Eleanor Hoytt: Working to Spark a Health Revolution
Barrington M. Salmon | , WI Staff Writer | 1/31/2012, 12:45 p.m.
In 1983, Eleanor Hinton Hoytt counted as one of 2,000 women at the first National Conference on Black Women's Health at Spellman College in Atlanta. Her involvement as an organizer was prompted by her grave concerns about the state of black women's physical and emotional health. Then, as now, she said, her trepidation was summed up in a nutshell by Fannie Lou Hamer's famous utterance of being "sick and tired of being sick and tired."
Much to her chagrin, Hoytt said black women in America are not significantly better off from a health perspective than they were more than 30 years ago.
So Hoytt, president of the Black Woman's Health Imperative, said she decided to write a book, "Health First! The Black Woman's Wellness Guide" which she describes as a step-by-step guide to better health and living. Her co-author is Hilary Beard, an award-winning health journalist who specializes in health, healthy lifestyles and personal development.
The book is divided by age group and caters to women from 20 to 74, Hoytt said. For each group, the book offers facts and information and that are of benefit to adolescents, young adults, those in mid-life and the mature. It dispels myths while concentrating on the Top 10 health risks and the effects of these - violence, cancer, depression, heart diseases, obesity, sexually transmitted diseases, HIV/AIDS and strokes on black women.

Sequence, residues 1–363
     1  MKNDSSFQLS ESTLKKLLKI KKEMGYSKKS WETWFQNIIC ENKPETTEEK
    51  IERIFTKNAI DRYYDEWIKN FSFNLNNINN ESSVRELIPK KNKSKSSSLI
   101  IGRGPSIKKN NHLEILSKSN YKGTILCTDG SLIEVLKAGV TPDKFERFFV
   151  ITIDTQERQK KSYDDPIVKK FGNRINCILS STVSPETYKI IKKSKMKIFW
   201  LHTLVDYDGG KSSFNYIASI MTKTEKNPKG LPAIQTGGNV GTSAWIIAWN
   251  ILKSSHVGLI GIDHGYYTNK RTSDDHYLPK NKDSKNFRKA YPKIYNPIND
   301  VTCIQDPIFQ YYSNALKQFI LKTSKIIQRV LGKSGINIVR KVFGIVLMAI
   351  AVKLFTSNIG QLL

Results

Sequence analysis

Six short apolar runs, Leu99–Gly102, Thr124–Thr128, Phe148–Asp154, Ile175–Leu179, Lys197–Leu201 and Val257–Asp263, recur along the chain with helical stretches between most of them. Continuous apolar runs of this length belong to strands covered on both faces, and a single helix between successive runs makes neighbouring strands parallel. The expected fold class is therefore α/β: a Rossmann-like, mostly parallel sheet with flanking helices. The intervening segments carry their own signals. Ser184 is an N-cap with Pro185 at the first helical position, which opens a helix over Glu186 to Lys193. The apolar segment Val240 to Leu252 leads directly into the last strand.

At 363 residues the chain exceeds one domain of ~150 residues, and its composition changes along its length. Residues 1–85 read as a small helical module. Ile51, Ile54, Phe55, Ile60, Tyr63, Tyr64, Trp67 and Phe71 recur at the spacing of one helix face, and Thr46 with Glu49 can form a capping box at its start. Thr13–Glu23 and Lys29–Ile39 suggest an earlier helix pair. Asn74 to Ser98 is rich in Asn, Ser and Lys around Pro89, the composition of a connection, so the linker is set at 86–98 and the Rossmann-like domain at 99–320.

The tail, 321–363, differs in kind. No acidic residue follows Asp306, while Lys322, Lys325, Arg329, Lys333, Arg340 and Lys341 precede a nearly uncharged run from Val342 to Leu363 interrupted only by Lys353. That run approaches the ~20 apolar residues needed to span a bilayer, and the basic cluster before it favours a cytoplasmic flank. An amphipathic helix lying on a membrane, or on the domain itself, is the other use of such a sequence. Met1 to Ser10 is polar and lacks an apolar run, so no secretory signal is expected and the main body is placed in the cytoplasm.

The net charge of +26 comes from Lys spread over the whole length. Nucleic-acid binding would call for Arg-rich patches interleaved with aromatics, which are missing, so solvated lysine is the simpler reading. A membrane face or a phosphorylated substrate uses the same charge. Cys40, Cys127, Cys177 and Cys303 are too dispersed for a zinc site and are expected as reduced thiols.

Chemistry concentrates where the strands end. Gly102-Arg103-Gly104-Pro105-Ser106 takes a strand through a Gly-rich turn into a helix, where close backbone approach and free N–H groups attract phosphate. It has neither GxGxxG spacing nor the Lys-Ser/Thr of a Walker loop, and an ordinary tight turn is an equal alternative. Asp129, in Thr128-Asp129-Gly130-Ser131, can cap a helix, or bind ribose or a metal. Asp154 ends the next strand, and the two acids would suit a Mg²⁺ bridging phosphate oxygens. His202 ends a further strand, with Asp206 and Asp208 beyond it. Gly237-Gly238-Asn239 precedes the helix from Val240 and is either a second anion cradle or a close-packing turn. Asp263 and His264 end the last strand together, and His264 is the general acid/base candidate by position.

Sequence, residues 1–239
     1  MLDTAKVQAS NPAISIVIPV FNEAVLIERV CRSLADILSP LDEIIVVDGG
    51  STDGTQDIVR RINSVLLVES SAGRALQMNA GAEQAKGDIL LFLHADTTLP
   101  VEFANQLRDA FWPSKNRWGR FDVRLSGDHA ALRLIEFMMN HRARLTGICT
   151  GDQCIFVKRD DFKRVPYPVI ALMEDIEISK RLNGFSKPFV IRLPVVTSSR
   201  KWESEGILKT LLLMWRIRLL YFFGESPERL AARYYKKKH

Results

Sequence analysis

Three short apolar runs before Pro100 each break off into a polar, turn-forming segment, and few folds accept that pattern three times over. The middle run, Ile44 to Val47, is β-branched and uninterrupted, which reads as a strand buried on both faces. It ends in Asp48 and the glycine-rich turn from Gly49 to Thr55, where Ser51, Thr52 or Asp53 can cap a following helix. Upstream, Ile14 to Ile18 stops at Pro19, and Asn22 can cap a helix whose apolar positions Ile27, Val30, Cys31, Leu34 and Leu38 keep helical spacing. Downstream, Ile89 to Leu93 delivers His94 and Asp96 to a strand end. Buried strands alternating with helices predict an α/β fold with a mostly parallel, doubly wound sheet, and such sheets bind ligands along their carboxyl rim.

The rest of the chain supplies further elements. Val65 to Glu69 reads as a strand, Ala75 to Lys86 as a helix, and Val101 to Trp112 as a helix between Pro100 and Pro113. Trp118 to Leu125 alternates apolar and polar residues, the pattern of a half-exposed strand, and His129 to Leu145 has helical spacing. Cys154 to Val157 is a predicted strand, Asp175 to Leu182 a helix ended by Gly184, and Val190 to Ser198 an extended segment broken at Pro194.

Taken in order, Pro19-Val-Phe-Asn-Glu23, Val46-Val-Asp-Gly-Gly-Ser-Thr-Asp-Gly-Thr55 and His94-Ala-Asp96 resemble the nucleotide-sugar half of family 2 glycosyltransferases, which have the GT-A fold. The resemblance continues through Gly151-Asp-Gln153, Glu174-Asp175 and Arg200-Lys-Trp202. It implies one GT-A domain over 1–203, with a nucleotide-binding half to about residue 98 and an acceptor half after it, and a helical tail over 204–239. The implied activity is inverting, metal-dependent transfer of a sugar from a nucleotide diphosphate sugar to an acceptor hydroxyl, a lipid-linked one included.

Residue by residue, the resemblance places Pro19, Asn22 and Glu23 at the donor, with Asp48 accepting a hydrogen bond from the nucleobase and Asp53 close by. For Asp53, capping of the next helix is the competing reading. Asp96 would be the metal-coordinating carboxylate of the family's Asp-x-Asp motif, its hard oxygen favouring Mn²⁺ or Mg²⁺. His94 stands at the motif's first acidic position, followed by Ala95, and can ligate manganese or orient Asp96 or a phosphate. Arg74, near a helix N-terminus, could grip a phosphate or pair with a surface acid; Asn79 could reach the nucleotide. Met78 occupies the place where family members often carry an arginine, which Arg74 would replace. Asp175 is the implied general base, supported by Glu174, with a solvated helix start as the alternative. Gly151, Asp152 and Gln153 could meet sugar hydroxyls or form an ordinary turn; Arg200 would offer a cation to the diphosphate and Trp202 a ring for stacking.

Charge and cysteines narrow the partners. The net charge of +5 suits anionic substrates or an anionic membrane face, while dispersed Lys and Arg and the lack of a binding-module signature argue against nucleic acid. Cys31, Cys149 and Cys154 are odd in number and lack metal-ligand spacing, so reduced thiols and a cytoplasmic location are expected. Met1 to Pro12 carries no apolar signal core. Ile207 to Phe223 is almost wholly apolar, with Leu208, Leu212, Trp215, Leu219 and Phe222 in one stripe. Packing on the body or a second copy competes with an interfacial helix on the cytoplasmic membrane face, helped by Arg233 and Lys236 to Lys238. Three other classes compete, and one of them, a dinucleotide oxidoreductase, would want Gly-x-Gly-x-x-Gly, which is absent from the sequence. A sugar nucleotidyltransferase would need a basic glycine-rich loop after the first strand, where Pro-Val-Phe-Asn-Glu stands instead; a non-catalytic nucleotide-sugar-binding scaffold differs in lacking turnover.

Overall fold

Rather than presenting just a snapshot of the health landscape, the authors share with readers how to beat the odds by developing and adhering to healthy lifestyles and then they focus on how black women can take care of themselves by embracing the concepts of healthy bodies, minds and spirits. Of equal importance is what they term as "self-care" - from knowing one's body and assessing one's health, to drawing a hot bath, replete with candles and soft music to keeping annual medical checkups.
One of the books most appealing features is the personal stories of women who spoke about having a heart attack or a stroke, coping with depression and dealing with other health challenges. Their stories are poignant, inspiring and illustrate the womens' triumph against the odds.
"The book delves into "who we are, how we are and what we know about ourselves, seeing ourselves differently with a new set of eyes and the potential of knowing we can be well," said Hoytt. "I want women to travel a path towards spiritual healing and emotional and physical health. We see this as life-changing. It's not a recipe. We're asking them to look at themselves and see the real truths."
"We indulge in a lot of denial, self-neglect and lack of self-love. This is a move toward tough care," said Hoytt, 68.
At the risk of sounding nave, Hoytt said she seeks nothing less than a revolution around black women and their health.
"Women understand the interconnectedness of mind, body and spirit," she said. "We call on our spirit's help in order to be okay. But it's not enough. I truly believe that if one person does it, more can. I want a revolution. This is not enough for us. We need happiness, joy and good relationships."